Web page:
How Star Wars Empowered One Company to Create Out-Of-This-World Music Videos
Ste Thompson is on a not-so-secret mission to scour the digital galaxy in an attempt to discover new ways of telling stories through innovative and interactive user experiences.
As CEO and creative director of Powster, a London-based motion graphics and UX production house known for creating web experiences for some of the world’s largest film studios, Thompson’s goal is to bring users into the stories they’re already passionate about.
Take, for example, the platform Powster created for Star Wars: Episode VII The Force Awakens‘ website in the UK. The virtual reality component brings the audience a little closer to that galaxy far, far away by inviting them into the action via their mobile devices (and Google Cardboard). Users can navigate 3D photo galleries and virtual reality videos from the film while feeling a little like a floating satellite orbiting the iconic background of the opening crawl.
“Personally, I just want users to feel like it’s something new, interesting and really fun,” Thompson said. “As a studio, we really want to be exploring new grounds and trying to push things as far as we can.”
These web experiences are in many ways an extension of a film director’s vision, which means Powster doesn’t always have the freedom to take risks. Instead, Powster is taking what it’s learned from creating experiences like the Star Wars platform and applying it to the growing world of interactive music videos.
Where technology meets storytelling
Powster’s first fully interactive music video was for the song “Carry Me” by Bombay Bicycle Club. The video allows users to interact with the band members by “moving them like stop motion puppets” in a way that feels like it’s happening live, even though everything is pre-recorded.
“What’s different with this is it’s all filmed with live action, that’s the real breakthrough with all this technology-wise,” Thompson said. “This is where you’re interacting with filmed content. It’s like you’re reaching into a video and manipulating it, and that’s something that feels really unusual actually.”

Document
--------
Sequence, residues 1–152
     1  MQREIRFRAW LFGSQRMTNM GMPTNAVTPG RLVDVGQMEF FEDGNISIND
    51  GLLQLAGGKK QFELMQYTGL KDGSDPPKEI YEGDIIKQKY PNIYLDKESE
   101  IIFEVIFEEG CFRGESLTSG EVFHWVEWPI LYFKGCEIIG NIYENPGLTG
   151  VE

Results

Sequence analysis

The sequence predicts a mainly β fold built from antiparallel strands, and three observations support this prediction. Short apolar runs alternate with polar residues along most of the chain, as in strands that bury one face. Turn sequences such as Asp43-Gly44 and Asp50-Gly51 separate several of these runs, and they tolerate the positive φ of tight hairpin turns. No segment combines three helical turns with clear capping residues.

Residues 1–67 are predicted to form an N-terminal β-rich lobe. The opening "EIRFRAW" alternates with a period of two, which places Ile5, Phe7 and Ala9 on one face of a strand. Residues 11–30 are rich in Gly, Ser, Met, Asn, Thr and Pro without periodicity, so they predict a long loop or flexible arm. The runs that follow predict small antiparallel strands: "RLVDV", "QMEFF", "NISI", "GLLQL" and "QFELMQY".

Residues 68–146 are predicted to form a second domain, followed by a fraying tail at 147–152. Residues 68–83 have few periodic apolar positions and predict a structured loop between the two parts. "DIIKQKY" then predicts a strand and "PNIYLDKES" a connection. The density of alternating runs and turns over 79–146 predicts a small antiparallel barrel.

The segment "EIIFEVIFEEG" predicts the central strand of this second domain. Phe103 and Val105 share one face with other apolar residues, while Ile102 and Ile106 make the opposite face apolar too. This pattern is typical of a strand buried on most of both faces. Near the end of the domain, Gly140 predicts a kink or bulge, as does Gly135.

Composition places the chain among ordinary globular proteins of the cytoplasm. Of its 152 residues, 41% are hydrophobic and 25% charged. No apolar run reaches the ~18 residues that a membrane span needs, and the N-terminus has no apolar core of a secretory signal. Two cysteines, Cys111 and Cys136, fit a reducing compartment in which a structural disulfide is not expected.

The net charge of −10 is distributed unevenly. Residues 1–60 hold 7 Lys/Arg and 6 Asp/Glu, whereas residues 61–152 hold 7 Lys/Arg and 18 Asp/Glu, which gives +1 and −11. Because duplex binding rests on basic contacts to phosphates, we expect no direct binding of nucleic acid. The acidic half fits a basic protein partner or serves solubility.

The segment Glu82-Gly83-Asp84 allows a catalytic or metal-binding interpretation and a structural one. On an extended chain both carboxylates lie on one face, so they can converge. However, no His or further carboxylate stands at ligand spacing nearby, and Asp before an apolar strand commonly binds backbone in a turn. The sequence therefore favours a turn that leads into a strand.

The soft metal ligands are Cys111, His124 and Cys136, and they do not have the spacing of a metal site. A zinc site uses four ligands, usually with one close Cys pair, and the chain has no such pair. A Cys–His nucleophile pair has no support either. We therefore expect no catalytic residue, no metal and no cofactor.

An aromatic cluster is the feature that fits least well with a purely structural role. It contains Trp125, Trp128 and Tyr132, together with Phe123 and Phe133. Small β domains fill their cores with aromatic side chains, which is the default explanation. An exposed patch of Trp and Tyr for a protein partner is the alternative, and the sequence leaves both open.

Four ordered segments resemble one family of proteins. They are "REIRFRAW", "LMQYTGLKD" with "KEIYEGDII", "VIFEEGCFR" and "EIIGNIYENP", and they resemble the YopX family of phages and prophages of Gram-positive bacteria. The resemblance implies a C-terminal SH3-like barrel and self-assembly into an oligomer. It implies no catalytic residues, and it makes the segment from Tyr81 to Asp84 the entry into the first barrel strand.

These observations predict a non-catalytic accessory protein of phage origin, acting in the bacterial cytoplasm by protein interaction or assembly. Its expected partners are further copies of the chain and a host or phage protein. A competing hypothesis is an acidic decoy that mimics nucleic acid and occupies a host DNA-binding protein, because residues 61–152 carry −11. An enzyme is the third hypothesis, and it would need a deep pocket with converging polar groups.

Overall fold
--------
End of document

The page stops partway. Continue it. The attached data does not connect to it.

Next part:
When horses fly – giving users the reins
The concept for the “Carry Me” video was based on the pioneering work of photographer Eadweard Muybridge, known for his explorations in capturing movement in horses. By combining animation, motion picture design and cutting-edge video technology, Powster hopes to further this exploration by throwing users in the proverbial horse riding ring and handing them the reins.
“It’s not a sit back experience, it’s lean forward,” Thompson said. “You’re being told a story, but you’re being part of it in some way. We still want it to have a very strong, linear narrative that’s being told and you’ve got some control over that, some influence, but having key things about traditional storytelling and traditional filming techniques [is what makes it unique].”
Powster’s video for the song “Work It Out” by Netsky takes things one step further by empowering users to control aspects of the video by connecting their computer with their mobile device via “telekinesis.” This gives users, “the illusion of controlling objects inside the video. It’s like flipping the pages of a flipbook, but with videos instead of still images,” the creative overview says.
More and more artists have been introducing these interactive elements into their projects. Powster recently worked with Ed Sheeran to develop the interactive experience “Journey to Wembley,” which tells the story of how Sheeran went from a busker to an internationally recognized performer. This experience included synchronizing five different performances for the same song recorded at various times over a number of years into a video that essentially allows users to create their own “time travel edits” of Sheeran’s journey.
Much of storytelling in this way is in essence a manipulation of time and perception.
Interactive storytelling: the saga continues
Powster’s version of interactive storytelling is a little different from the interactive experiences you may have seen before. Their goal is to embrace a more traditional film making approach to storytelling by taking on the role of a director rather than allowing audiences to choose their own adventure.
“You don’t choose your path watching a movie, you get told a story,” Thompson said. “What we’re trying to do is still communicate that story, but let you be a part of it. The action that is unfolding is pre-determined. You’re being told this story, but you’re engaging with it in a way that is satisfying and helping further the point that is trying to be communicated.”
It’s something Thompson thinks is only going to become more popular as more artists and creatives desire to position themselves on the cutting-edge of technology—and as more and more people want to be a part of it.
“I think that you only have to look at what 360 video, VR and even what video content is doing, it is all making people do something in some way,” Thompson said. “Everything started out really static with images, then it became video, and now you can move around video. Soon you’re going to be able to be in the video.”
The potential possibilities of interactive video are still being explored and discovered, but like any Star Wars fan will tell you, there’s almost always a Dark Side. We’ll have to explore that in another episode.